Hello World! First blog post, I'm joining the blogging world at last.
I have been working a lot on enabling Maven as first class citizen in Debian and as a tool to use when building Debian packages which follow the strict Debian policies (everything is built from source or from other Debian packages, no connection to Internet ispossible during the build - which means Maven cannot download dependencies)
First, Maven as a first class Debian citizen:
- Maven 2.2.0 is available in Debian experimental (soon, there are some NEW packages that need clearance).
- It is now built using most of the bootstrapping procedure, in particular Maven Shade plugin is used to build the final jar, so that means that the common libraries used by Maven are shadded (their Java packages have been renamed and prefixed with hidden. to avoid version clashes with plugins that may use a different version of the same libraries). In short, what's available in Debian is identical to the official Maven binary release.
- A cool bash tab completion script has been added. It should help you to find most available options, build phases and plugins very easily.
- Due to the contraints of Debian, Maven and its mirriad of dependencies are limited to one version. One version of plexus-utils, once version of modello and so on. No more 'Maven downloads the internet' effect!
- We are building a Maven repository for Debian. It is located at /usr/share/maven-repo and contains already a few hundred libraries with clean Maven POM descriptors.
At this point, I have to mention that this Maven repository is mostly compatible with what's available on Central, but there are important differences as I'm trying to keep both Debian and Maven happy. The major feature of this repository is that is usually contains 2 versions for each artifact. The first version is the normal version as you may find it in Central, for example junit:junit:3.8.2 . The second version is the Debian-managed version, for example 3.x. The jar for junit-3.x.jar is a symlink to junit-3.8.2.jar. So 3.x and 3.8.2 are the same jars. But there is a difference: 3.x is a series of (hopefully) compabible versions managed by Debian. In Debian, we try hard to limit the number of versions for the same library. So when junit 3.8.3 is released and packaged in Debian, 3.8.2 will be REMOVED from the repository.
Of course this means that any other library depending on junit 3.8.2 will have a problem. The second trick in this repository is that all dependencies refer to the Debian version of the library. So if another project uses Junit, then it will declare this dependency:
This Maven repository
- keeps only the most recent version of each library in a series
- maintains synthetic Debian versions of the libraries (usually named debian or 1.x,2.x,3.x)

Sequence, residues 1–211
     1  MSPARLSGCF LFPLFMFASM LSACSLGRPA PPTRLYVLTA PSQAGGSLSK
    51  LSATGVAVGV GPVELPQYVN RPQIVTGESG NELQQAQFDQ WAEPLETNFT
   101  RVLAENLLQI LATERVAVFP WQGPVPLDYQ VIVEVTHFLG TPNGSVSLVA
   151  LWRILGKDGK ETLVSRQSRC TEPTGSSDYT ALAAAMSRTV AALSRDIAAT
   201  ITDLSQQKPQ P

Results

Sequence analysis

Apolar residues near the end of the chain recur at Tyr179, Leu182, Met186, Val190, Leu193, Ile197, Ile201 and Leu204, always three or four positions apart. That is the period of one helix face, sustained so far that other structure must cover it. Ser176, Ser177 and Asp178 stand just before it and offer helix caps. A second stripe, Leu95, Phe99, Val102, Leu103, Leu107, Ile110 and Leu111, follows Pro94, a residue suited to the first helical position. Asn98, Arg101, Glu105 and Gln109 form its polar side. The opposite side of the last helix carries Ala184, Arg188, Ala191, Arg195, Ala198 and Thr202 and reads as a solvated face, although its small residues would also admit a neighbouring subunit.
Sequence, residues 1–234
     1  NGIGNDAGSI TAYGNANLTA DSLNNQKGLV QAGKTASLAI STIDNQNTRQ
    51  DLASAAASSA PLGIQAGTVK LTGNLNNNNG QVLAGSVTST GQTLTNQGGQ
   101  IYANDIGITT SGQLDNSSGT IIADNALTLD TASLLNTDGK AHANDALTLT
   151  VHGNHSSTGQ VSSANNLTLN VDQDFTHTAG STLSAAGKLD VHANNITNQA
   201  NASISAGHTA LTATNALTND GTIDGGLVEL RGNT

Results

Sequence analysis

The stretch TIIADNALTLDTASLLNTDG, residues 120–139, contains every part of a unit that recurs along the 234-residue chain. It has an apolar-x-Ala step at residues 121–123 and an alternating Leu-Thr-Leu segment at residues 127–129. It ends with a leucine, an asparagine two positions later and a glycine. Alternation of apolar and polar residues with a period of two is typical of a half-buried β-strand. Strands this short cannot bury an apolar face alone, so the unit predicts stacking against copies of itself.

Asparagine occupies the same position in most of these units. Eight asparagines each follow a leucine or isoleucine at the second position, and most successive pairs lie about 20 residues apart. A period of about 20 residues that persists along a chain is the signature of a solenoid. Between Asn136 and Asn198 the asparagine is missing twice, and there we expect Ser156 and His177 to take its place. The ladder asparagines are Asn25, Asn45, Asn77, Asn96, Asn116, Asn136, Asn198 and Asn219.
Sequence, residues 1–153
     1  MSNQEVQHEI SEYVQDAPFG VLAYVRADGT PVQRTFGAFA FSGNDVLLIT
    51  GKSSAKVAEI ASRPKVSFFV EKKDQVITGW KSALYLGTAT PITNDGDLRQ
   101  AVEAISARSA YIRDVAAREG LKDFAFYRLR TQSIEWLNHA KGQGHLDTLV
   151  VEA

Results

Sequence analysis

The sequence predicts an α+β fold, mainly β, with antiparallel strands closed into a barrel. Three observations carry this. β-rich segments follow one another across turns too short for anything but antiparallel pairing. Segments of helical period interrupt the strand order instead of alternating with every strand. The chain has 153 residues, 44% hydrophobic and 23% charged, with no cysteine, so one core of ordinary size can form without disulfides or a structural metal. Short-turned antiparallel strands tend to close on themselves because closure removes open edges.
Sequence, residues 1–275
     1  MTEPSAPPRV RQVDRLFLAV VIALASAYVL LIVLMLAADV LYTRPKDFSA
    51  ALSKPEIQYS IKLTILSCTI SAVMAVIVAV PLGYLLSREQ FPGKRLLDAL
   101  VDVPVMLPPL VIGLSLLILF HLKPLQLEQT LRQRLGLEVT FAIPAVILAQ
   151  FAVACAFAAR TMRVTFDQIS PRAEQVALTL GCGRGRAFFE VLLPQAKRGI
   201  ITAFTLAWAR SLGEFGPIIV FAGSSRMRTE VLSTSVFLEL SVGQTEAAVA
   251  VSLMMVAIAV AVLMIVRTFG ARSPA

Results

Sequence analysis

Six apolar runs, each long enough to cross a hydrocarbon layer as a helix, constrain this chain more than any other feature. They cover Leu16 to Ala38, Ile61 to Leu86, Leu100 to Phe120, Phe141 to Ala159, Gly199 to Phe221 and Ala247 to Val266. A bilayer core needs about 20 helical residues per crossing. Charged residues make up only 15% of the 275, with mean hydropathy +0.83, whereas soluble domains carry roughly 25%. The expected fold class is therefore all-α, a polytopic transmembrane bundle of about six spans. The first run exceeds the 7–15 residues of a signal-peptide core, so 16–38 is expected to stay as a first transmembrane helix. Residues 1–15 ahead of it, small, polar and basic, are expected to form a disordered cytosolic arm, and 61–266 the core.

- associates the Debian version of the artifact with the most recent version.
Now we have a repository that plays nicely with Maven and Debian. To fill it with lots of useful software is another matter. If you needed to edit all POM files by hand and replace all dependency versions with their Debian versions, that would be a lot of work. Fortunately, we have some tools to help us here:
maven-repo-helper: This package maintains the Maven repository and performs all cleanup and version transformations for you, starting with a POM file coming from a project or from the Maven Central repository. It provides a few tools (mh_lspoms, mh_cleanpom, mh_installpoms, mh_installjar) which can be used when you have a project that provides some libraries that you want to add to the Maven repository, but the build doesn't use Maven.
maven-ant-helper: This package can be used to build simple libraries which were built with Maven but where you need to use Ant for building the Debian package. It is used a lot for build Maven and Plexus libraries because it avoid a circular build dependency on Maven.
maven-debian-helper: This package allows you to use Maven itself for building your package in Debian. There is a CDBS rule that provides support for Maven. To satisfy the Debian policy, Maven is run in offline mode, so all build dependencies must have been packaged for Debian before you can build your package. Fortunately, most Maven plugins have already been packaged, and there is quite a good amount of commons Java libraries available as Debian packages with support for Maven.
maven-debian-helper provides a very handy tool to build the Debian packaging files from an existing Maven project: run mh_make on the root of your project, and if you have all project dependencies already packaged and installed, you should get 90% of the Debian packaging done for you. It takes me less than 20 minutes to package a new library for Debian now.
Torsten Werner from Debian has posted his status report as well, have a look for a more Debian oriented point of view.
If you are interesting in helping Debian to package more Java software, consider joining the pkg-java team and read more about building Debian packages with Maven here. To use the latest Maven and packaging utilities on Ubuntu, add my PPA to your sources.list
I'm also planning to add tighter integration between Maven and Debian, in particular the local Maven repository in ~/.m2/repository should be able to use jars already present in /usr/share/maven-repo
Next, I will post a detailed how to for packaging a Java project with Maven.